The movie is based on the best-selling cult novel of the same name by Max Brooks (son of funnyman Mel). The film diverges considerably from the book’s unique structure which has the story set years after the zombie war. It is told through narration describing flashbacks.  The movie opted to go a linear take on the first few weeks of the plague hitting. This wholesale change was part of  the heavily-rumored troubled production with stories of director/star power struggles, re-shoots and serious revisions to the script. Luckily, the final product doesn’t show many signs of problematic filming. The story has a good pace that balances out the big set-pieces with those tense, creepy, Jurassic Park-like scenes of trying to move through a building quietly and without detection by the zekes. More than blood-n-guts, the movie builds a palpable sense of dread and anxiety. When the action gets intense, there are some nice humorous counter points. There’s also a handful of classic monsters-flying-at-the-screen 3D shots too, if you know, you go see it in 3D.

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Unlike Contagion, Steven Soderbergh’s fantastic and relentless pandemic thriller, World War Z is content to keep things personal as the movie is almost completely seen from Gerry’s point-of-view. The audience is in the dark just as much as Gerry which remind of Se7en, another Pitt thriller where the audience bumbles along with the detectives. There are times when World War Z wants to veer off into some interesting potential political tangents, the disgruntled CIA agent (David Morse in all his glory) reveals how the North Koreans removed the teeth of all 23 million of their socialist citizens. Israel’s walled-in city conjures up plenty of associations with their troubles with the Palestinians. The United States and China take a backseat if not barely even discussed at all – the rescue of the planet comes down to that old right-wing boogeyman, the United Nations.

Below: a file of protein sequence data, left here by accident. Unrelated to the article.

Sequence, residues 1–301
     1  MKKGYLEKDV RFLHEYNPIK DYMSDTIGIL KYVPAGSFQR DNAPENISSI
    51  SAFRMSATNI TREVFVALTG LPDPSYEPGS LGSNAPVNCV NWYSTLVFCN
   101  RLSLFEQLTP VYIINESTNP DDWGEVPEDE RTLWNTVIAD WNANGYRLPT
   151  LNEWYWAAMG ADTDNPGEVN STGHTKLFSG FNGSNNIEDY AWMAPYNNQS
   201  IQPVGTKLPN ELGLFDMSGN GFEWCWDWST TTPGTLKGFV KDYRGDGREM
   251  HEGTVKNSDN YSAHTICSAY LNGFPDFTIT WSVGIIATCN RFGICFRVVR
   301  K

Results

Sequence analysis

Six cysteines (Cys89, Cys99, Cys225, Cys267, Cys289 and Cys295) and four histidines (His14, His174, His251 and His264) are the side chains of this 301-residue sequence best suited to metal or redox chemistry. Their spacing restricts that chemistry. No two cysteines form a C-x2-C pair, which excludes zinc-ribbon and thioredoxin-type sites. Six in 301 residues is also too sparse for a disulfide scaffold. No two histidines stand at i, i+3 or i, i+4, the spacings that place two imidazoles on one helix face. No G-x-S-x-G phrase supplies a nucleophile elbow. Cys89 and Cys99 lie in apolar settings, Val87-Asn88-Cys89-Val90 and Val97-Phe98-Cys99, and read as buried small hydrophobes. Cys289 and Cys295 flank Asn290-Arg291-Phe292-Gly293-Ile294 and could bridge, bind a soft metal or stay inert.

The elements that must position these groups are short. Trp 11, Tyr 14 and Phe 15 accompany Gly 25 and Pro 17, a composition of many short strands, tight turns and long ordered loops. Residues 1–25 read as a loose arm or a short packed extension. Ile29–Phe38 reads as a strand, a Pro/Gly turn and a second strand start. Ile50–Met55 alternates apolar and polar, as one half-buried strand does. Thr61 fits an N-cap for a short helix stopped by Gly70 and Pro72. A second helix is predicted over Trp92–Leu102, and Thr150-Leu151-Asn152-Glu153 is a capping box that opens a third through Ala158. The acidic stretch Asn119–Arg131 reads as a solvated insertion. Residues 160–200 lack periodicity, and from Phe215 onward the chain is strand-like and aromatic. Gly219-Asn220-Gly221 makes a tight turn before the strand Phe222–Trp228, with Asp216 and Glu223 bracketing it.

Clearly Pitt and director Marc Forester (Finding Neverland) decided to pull a few punches there in order to keep this PG-13 summer blockbuster fare. The film is an enjoyable ride that leaves a lot of the story unresolved by the time the curtains come up. Maybe this film will tap into the nation’s anxious, hyper-emotional mood to become a hit. Pitt has staked a lot of his career and box-office clout on that fact, a sequel will be expected. One thinks they will have plenty to draw from for it, maybe next time that can use Brook’s book.

Fingers crossed.

About the Author

Kevin Dale Ringgenberg is a connoisseur of world cinema, classical music, vaudeville comedians and a trenchant observer of the vulgar realms of popular culture. You can reach out to Master Ringgenberg personally (maybe intimately) at the Smokin Monkey. When Kevin isn't reviewing films at the Manse you can read his reviews at 303Magazine. Follow Kevin on Twitter!